Marriage throws up some big life questions and often a wedding is just the starting block for making a lot of major decisions in very quick succession. Wedding planning discussions also invariably lead into deeper, more long-term topics. Things like if you want kids, where you want to live and what career paths are you’re each going to take. It’s no coincidence that lots of couples seem to move house or one spouse has a career change pretty quickly after saying “I do”. Making this kind of commitment often encourages us to start thinking seriously about these other things too.
2. Deal Breakers
While you might not have ever thought about it while dating, things like if you want children, where you want to live, your feelings on fidelity, how often you like you see your family, sex, money, and vices can all come up unexpectedly during the wedding planning process.
It’s important to acknowledge these gaps in your knowledge of each other as you discover them. In the haze of infatuation it can be difficult to imagine that anything could ever drive you apart, but if you don’t both lay your cards on the table before getting married they may be the things that ultimately do.
Before Gareth and I walked down the aisle, we went on a short marriage course. Perhaps an old fashioned concept but it was a requirement of the church we wanted to be married in. We dragged our heels to the first class but quickly came to understand the only motive to the classes were to strengthen our relationship. They gave us the opportunity to talk about some of these big-life-questions. We married relatively young and at 24 I hadn’t really been thinking too hard about the future until then.
Although we share all kinds of details about our day to day lives, from what we’re planning for dinner to holiday snaps, Gareth and I make a conscious effort to keep the really personal stuff offline. At a glance, it can seem as though our whole lives are documented for all to see, but it’s really only the trivial stuff that gets put out there. A few pictures of our cats walking on their leads doesn’t actually reveal a great deal about us as a couple. The real story is in the detail like how we agreed, together, to get two maine coons, for example.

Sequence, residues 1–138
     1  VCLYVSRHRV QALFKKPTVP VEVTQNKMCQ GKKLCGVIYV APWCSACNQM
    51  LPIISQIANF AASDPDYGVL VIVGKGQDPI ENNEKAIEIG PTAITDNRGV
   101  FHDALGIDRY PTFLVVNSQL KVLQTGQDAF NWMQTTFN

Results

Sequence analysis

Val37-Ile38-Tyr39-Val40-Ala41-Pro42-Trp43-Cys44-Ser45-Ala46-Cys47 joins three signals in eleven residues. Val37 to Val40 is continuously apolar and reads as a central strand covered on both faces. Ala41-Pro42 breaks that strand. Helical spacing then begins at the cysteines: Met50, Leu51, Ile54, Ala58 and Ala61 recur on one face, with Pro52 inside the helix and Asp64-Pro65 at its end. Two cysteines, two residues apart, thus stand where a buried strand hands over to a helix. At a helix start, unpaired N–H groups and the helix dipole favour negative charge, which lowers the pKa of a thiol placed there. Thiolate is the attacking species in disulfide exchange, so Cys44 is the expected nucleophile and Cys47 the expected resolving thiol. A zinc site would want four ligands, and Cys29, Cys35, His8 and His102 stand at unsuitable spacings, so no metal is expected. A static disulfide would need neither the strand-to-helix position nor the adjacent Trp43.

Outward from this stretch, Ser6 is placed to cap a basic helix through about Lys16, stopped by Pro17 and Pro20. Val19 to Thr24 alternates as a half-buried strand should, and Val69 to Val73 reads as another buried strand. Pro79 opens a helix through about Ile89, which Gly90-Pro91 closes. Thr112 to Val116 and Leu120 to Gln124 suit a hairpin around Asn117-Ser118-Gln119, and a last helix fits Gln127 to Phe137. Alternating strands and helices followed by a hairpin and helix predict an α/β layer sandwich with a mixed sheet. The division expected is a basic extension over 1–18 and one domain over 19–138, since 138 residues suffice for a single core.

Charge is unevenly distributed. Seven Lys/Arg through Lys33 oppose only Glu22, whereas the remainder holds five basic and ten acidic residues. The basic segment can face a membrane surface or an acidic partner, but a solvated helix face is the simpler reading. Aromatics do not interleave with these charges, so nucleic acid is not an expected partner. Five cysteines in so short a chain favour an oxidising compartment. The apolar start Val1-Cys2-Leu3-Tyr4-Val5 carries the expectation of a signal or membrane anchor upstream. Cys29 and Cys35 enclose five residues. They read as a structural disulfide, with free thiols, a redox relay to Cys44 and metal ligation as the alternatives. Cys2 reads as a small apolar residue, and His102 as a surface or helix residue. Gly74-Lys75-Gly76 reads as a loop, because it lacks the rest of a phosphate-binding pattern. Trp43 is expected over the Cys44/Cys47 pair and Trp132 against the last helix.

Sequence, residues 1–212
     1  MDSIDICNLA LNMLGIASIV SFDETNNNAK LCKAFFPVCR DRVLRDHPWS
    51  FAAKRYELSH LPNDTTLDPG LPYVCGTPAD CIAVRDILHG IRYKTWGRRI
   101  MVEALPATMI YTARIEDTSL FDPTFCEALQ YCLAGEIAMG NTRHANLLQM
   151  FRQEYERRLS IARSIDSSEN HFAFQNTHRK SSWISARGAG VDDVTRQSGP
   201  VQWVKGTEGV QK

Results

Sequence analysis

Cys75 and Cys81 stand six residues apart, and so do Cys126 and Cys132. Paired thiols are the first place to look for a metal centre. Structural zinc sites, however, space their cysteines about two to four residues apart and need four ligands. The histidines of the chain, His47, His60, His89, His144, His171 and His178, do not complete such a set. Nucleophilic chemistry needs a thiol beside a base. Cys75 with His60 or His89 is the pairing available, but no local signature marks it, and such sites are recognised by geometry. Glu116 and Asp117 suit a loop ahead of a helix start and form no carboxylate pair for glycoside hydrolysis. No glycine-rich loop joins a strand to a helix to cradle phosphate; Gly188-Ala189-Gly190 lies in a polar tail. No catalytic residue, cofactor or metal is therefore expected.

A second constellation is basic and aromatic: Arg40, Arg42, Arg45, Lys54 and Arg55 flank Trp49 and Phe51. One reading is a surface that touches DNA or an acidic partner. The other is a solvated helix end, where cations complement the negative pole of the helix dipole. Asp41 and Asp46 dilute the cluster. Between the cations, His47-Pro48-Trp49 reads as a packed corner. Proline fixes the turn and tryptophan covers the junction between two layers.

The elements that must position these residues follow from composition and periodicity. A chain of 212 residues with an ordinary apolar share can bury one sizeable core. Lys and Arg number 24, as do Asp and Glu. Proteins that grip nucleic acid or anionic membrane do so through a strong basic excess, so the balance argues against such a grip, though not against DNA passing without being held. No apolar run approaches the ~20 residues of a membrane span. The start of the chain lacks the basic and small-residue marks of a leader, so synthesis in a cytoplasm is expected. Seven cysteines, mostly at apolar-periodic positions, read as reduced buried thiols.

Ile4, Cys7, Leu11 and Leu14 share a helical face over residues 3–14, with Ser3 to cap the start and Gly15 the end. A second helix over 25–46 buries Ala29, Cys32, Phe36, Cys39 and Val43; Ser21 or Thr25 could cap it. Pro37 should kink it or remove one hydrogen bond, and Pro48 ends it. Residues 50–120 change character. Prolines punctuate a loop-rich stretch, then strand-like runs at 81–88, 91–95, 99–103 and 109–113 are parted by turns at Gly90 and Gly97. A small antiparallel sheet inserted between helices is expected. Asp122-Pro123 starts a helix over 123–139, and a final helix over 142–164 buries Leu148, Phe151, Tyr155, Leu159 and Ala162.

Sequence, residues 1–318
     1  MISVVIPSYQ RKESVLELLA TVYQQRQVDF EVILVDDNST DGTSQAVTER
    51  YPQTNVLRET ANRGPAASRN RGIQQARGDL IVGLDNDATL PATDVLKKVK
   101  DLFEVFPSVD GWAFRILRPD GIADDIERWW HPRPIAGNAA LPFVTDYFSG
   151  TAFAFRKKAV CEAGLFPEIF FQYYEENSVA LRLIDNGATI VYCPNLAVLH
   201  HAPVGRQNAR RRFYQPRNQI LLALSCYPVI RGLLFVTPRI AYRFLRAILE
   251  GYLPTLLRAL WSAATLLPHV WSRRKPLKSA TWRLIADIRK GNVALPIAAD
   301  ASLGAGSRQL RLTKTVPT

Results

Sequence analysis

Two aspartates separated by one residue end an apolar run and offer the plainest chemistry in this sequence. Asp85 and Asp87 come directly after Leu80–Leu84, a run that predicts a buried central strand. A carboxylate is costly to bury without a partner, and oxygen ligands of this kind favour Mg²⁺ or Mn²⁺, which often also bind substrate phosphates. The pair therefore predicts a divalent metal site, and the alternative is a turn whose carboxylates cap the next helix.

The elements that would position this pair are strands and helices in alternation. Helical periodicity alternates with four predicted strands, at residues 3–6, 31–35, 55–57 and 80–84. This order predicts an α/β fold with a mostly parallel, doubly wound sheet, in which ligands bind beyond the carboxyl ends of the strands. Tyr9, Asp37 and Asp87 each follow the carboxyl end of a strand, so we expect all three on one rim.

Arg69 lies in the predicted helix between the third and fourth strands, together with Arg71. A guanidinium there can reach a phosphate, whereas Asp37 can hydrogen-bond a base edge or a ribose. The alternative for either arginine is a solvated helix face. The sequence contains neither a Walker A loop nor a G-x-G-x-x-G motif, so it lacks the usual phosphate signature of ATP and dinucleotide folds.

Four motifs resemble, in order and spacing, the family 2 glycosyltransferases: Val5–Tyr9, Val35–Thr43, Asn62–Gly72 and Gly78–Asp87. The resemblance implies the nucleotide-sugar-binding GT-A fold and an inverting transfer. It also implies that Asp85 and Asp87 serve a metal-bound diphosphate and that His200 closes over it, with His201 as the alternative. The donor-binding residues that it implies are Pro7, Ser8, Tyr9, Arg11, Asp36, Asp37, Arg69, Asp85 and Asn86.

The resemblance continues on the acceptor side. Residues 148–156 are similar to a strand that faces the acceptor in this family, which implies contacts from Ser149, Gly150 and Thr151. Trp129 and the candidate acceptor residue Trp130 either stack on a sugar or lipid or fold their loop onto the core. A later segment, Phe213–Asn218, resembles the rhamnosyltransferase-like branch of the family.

I feel somewhat exposed doing this but I’m diving right in to a ten part series covering some of the most important love lessons Gareth and I have learnt since becoming husband and wife. We’ll be sharing some of the mistakes we made as well as some of the break-through moments that we’ve had. But most importantly I really want to give you the opportunity to think about these things and hopefully discuss them with your partner afterwards.
I know that if I was where you are right now this is the kind of content I would have really loved to see from a wedding blogger. After all, your wedding is just one day, it’s all the days after you say “I do” which really matter.
1. On Selfishness
As human beings we are intrinsically selfish. We naturally think about ourselves first but when you’re married you need to consider the other person’s feelings just as much as, if not more than, your own. It’s no longer about looking out for number one or having your own goals and life path, it’s about the two of you thinking and acting as a team.
Although in many ways Gareth and I are really similar – our outlook on life and our plans for the future – in others our tastes couldn’t be more different. I love sushi and Thai food, he prefers burgers and chips. I like nothing better than sitting down to a True Blood or 24 marathon, he detests any kind of American drama. My idea of a perfect Saturday is raiding the aisles of Topshop and H&M, he hasn’t bought himself any new clothes in years… You get the picture.
It might sound obvious but when you promise yourselves to each other for life you need to consider the other person’s feelings in everything you do, much more so than you would have while dating. Let’s be honest, you’re going to be with this person forever – you need to make sure you’re both happy!